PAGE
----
V/H/S/85 [Blu-ray]
Blu-ray ALL - United Kingdom - Acorn Media
Review written by and copyright: Eric Cotenas (8th April 2024).
The Film

The latest entry in a horror franchise of diminishing returns goes faux-analogue with V/H/S/85. Having long since abandoned the drawn-out but actually effective wraparound of the first two entries in which inquisitive parties (burglars or private detectives) stumble across a collection of forbidden tapes, this one uses "Total Copy" from David Bruckner (The Night House) as interstitial segments like a dubbed over tape or switching TV channels to show fragments of a PBS-style documentary on a scientific experiment involving a child-like humanoid figure that may be an alien or an older form of life and the disaster that resulted from the attempts of university biologist Dr. Spratling (Jordan Belfi) to communicate with it, educating it about their culture through television, and his mistaken belief that its ability to physically emulate what it sees as an attempt to communicate back. This potentially interesting episode might have been successful at feature-length as a faux-documentary or a series of video diary entries but it is never fully-developed, the final transformation is underwhelming, and it all ends on a joke image.

"No Wake" by Mike P. Nelson (Wrong Turn) starts out like a melding of Creepshow 2's "The Raft" and the first V/H/S' "Tuesday the 17th" as a camper van full of college students ignore "no trespassing" and "no swimming" signs at an out of the way lake to their peril; this time around, however, the killer is not slasher movie "glitch" or sentient oil slick, and the body count actually declines… The story is suited to the short form and the director recognizes that his characters need not be more than two-dimensional mannequins for prosthetic gore appliances, but its open-ended resolution would have been more satisfying than the decision to tie it into another entry.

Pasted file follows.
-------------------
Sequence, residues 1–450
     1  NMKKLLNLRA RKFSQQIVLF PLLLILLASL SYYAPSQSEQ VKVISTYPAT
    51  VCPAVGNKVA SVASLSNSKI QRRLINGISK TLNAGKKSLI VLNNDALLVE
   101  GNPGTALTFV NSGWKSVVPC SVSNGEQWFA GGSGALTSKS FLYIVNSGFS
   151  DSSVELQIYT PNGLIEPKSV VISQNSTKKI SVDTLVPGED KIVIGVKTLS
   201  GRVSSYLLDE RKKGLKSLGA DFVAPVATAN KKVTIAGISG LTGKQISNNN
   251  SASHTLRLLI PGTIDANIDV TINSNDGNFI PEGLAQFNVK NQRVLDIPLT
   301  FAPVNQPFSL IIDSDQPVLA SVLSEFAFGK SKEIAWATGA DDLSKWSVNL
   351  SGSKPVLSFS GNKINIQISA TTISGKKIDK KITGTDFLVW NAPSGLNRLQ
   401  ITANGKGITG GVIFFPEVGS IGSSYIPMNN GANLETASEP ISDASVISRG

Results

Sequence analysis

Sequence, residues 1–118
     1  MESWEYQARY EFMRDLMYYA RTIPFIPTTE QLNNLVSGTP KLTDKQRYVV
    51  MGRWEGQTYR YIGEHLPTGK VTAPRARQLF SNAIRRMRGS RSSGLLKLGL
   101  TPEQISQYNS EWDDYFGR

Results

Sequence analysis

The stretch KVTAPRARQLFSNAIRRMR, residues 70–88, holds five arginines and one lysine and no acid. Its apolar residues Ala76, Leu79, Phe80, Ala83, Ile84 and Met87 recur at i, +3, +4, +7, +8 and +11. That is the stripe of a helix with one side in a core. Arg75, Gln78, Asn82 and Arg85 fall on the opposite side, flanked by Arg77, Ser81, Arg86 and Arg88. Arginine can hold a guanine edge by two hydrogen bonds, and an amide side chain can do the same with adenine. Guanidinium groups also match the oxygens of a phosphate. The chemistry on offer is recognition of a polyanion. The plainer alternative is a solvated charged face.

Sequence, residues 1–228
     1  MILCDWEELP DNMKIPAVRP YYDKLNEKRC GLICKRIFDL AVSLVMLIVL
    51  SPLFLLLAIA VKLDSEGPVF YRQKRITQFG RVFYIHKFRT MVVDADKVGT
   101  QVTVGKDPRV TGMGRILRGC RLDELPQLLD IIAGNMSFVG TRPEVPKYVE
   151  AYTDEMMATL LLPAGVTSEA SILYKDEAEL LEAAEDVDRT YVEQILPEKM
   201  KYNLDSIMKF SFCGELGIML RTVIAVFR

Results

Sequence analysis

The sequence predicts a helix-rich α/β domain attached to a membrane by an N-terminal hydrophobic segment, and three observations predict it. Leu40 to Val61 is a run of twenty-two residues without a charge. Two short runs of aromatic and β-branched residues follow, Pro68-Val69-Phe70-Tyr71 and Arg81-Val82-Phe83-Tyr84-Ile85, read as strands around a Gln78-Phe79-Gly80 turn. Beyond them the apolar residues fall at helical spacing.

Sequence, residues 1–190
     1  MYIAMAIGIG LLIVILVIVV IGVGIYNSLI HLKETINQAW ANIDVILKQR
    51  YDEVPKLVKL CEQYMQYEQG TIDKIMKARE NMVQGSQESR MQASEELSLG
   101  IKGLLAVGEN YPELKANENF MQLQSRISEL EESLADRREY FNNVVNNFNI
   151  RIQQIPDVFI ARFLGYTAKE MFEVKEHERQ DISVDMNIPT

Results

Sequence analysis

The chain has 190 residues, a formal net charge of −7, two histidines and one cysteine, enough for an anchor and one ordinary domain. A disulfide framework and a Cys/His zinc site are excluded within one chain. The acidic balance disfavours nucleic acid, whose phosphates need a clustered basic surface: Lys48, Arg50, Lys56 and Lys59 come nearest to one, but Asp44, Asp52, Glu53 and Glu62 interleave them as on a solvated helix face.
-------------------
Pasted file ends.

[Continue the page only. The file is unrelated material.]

In "God of Death" by "La Muñeca del Terror" Gigi Saul Guerrero (México Bárbaro) – who also has a cameo – a news cameraman (Satanic Hispanics' Ari Gallegos) documents his rescue from Mexico City's 1985 8.0 magnitude earthquake, including the discovery of its cause as he and the rescue party descend into the bowels of the collapsed TV station building farther and farther into the Earth. Taking real-life inspiration and incorporating footage from a true catastrophe may be in poor taste – more on that in the disc's audio commentary – but the short mainly drags in the space between the quake and the climax with a lot of bellowing and the POV camera always looking away when a character gets impaled or crushed by debris. The faux-news footage though does conjure up childhood memories of surfing past Univision in the eighties and nineties.

"TKNOGD" from Natasha Kermani (Lucky) takes the form of a cable access videotaping of an avant-garde theater performance as Ada Lovelace (Shaft's Chivonne Michelle) rebukes her audience for killing the gods of nature in favor of the "God of Technology" before donning a virtual reality suit and "eye phones" to coax it into corporeal form with an incantation. This is probably the best story, not so because of the combination of primitive-style computer imagery and practical effects but more so because up until the effects climax it really is a one woman show with Michelle very believably aping avant-garde performances pieces without descending into parody, saving the titters for the ending.

Nelson returns with "Ambrosia" in which a goofy family gathering for guest of honor Ruth (Evie Bair) is no mere birthday or graduation celebration but her induction into the family's inner circle "The Seven" by means that tie into the events of "No Wake" just hours before. More of a setup/punchline joke of a short, the piece does at least set up a few possibilities of where it might go before its reveal.